The Birth of a Movement, 175 Years Ago This Week

The number of horse-drawn wagons increased at every crossroads, becoming a stately procession, headed to the Wesleyan Methodist Chapel in Seneca Falls. All the drivers of those wagons had seen the notice in the Seneca County Courier, for “A convention to discuss the social, civic, and religious condition and rights of Woman.”

None of the 300 people arriving in these buggies and wagons predicted they were about to create a history-making moment in time. The Seneca Falls Convention is now known as the ‘origin story’ of the American Women’s Rights Movement. It took place 175 years ago this week, July 19- 20, 1848, and it changed our lives.

It was not a diverse crowd: mostly white men and women, but with one distinguished exception. Frederick Douglass, orator, publisher, and former slave, would play a crucial role in the upcoming meeting. Although this meeting would take place on former Indian lands, and gathered hundreds of reform-minded folks, Native Americans were not present, at least not physically. Organizer Lucretia Mott had spent time with the Seneca tribe, part of the Haudenosaunee Confederation, that is sometimes called the Iroquois Nation. She carried into the conversation her memories observing gender equality first-hand.

Elizabeth Cady Stanton, one of the five organizers of the convention, had the temerity to declare, “all men and women are equal,” a totally radical notion in 1848. At that time, women had no right to inherit property or to keep their wages, to obtain higher education, or have custody of her children. Building on that declaration, Stanton then proposed women have the right to vote. Many thought that was a bridge too far, until Frederick Douglass gave an impassioned speech in favor of women’s suffrage, and Stanton’s proposal passed.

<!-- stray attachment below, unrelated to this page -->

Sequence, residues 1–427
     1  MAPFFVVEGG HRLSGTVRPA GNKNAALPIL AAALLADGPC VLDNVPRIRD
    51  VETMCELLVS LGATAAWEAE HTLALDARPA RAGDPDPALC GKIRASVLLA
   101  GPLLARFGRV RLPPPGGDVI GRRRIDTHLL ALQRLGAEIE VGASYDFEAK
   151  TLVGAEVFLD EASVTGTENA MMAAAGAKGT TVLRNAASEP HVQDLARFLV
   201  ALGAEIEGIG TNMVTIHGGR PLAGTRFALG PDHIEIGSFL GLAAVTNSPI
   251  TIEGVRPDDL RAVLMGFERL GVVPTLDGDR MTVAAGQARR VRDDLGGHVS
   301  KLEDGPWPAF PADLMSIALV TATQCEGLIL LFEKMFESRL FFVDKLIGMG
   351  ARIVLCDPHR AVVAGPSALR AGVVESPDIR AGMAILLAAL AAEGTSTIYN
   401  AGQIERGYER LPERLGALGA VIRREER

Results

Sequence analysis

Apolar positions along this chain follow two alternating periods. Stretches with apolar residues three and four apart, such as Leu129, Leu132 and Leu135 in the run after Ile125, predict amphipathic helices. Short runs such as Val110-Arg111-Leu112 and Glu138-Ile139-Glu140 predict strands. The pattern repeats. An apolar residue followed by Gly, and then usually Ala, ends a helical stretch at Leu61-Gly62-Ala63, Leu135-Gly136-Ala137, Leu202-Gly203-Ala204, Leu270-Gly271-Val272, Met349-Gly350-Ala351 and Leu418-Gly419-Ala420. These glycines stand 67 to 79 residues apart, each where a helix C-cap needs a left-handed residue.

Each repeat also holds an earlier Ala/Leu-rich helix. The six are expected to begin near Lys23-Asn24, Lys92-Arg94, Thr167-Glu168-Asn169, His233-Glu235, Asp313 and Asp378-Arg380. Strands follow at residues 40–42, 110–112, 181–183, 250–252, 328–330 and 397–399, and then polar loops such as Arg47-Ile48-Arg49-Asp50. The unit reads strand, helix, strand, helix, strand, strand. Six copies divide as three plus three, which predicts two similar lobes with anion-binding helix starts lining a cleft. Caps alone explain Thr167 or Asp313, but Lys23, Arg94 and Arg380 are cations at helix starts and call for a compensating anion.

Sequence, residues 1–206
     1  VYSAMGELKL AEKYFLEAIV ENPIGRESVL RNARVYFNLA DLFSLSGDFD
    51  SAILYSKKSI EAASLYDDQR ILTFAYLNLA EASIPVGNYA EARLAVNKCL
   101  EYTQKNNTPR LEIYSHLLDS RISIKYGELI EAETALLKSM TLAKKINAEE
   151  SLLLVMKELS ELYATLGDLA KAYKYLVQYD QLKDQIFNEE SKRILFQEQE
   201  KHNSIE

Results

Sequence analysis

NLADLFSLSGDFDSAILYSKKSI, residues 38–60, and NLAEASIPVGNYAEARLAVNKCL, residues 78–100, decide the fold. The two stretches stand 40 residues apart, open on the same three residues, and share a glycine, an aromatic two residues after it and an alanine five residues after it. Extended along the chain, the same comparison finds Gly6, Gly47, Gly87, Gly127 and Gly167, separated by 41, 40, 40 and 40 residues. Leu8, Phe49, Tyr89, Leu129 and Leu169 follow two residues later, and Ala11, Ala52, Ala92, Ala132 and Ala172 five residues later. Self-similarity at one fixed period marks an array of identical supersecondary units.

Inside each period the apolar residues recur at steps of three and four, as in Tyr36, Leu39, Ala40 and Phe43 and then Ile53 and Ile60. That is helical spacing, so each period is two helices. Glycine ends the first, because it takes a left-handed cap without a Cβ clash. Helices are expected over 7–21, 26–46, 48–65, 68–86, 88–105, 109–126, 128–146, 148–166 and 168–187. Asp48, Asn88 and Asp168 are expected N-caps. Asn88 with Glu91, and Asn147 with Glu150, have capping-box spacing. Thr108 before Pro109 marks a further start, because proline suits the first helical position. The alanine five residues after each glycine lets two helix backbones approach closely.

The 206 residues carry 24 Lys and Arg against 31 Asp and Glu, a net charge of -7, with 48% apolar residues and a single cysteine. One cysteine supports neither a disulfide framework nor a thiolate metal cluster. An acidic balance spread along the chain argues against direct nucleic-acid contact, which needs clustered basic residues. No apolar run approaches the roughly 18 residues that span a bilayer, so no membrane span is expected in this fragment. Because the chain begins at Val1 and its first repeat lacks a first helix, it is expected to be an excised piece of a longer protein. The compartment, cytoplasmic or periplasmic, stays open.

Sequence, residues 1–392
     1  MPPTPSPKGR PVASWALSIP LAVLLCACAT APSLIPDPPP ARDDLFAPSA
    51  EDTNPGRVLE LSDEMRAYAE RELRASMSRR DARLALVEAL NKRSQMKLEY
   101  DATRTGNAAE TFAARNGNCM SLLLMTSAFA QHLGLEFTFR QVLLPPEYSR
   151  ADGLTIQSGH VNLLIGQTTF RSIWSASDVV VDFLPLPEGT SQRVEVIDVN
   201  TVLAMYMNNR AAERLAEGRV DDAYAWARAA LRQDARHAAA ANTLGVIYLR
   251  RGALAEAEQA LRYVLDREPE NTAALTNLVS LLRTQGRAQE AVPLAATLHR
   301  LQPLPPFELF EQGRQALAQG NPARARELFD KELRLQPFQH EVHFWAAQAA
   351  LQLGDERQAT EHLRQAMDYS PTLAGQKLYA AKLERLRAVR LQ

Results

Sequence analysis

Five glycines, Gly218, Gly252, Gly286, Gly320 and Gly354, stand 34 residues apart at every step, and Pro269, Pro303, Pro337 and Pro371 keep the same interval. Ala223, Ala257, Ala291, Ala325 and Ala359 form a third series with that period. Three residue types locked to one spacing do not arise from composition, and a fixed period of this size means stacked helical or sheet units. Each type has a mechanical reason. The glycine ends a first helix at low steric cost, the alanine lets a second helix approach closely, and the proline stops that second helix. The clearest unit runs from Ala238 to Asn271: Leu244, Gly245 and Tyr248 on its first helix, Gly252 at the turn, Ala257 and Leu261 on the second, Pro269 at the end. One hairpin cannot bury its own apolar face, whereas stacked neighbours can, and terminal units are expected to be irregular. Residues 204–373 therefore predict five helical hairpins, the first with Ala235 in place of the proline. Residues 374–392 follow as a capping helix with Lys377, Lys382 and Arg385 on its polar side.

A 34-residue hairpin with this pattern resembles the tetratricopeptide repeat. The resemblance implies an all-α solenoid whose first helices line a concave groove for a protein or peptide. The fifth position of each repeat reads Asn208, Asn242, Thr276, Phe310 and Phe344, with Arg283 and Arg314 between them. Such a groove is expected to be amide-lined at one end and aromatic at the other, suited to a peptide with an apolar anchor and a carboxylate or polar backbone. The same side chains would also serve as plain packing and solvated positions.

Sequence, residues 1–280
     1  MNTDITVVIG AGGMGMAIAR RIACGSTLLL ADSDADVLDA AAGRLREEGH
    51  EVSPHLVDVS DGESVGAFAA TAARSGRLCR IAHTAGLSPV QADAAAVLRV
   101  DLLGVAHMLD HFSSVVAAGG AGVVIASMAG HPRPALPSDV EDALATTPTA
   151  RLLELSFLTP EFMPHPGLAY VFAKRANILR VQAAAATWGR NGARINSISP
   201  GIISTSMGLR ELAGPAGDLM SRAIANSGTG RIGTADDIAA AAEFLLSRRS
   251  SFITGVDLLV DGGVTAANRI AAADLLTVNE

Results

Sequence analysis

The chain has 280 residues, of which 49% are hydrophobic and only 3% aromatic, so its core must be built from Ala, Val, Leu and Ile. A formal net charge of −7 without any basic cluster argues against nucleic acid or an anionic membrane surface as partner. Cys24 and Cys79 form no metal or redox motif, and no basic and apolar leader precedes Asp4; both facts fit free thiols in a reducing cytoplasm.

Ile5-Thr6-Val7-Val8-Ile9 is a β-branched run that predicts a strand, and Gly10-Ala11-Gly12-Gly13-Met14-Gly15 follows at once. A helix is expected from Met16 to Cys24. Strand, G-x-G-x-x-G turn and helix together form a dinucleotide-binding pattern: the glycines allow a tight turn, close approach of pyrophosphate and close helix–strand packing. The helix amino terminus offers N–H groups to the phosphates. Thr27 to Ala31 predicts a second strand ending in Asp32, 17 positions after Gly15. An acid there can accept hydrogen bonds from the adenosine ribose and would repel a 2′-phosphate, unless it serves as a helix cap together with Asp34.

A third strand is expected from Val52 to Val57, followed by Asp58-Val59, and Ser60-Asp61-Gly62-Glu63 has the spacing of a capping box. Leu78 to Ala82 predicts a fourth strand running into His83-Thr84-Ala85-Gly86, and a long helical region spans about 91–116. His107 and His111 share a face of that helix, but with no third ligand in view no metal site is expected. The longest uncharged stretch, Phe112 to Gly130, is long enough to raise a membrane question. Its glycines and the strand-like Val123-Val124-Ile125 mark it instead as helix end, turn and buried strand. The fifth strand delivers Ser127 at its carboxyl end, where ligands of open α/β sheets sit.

Today, women have a PURSE (control of their wages and the ability to inherit), they have an EDUCATION and the VOTE. With these tools secured, our next step now is representation at every table where decisions are made, including government. Again, Elizabeth Cady Stanton led the way in representation, as the first woman to run for Congress . . .in 1866, long before women could vote. She received 24 votes. In her sometimes sardonic style, she quipped that her only regret was that she did not have a picture of herself with her 24 supporters.

This week, let us celebrate these women and men in the past who dared to challenge the status quo and propose equality for women.

Join us from August 18-26 for four events bringing HERstory to LIFE, with our program:
“From Rotten Eggs to Respect” An All-New Program featuring Susan B. Anthony, Ida B. Wells, and the ANTI-Suffrage leader of Tennessee.
The anniversary of the ratification of the 19th amendment is a great time to celebrate the progress toward women’s equality (realizing we are not yet equal).
Our LIVE performances are:
Friday, Aug. 18, 1:30 p.m. premier in Crestwood – 9490 Watson Rd, 63126
Monday, Aug. 21, 7 p.m. Middendorf-Kredell Library 2750 Hwy K, O’Fallon, MO 63368
Friday, Aug. 25, 7 p.m. Webster Groves Public Library, 301 E. Lockwood Avenue, 63119
Saturday, Aug. 26, 1:30 p.m. Campbell House Museum, 1508 Locust Street, St. Louis, 63103 (entrance without steps on 15th street) Take a tour afterwards!

1 thought on “The Birth of a Movement, 175 Years Ago This Week”

  1. Thanks for the information. I would love to join you but we will be out of the country in August. Please keep me on your contact list for future events. Lemont Curry

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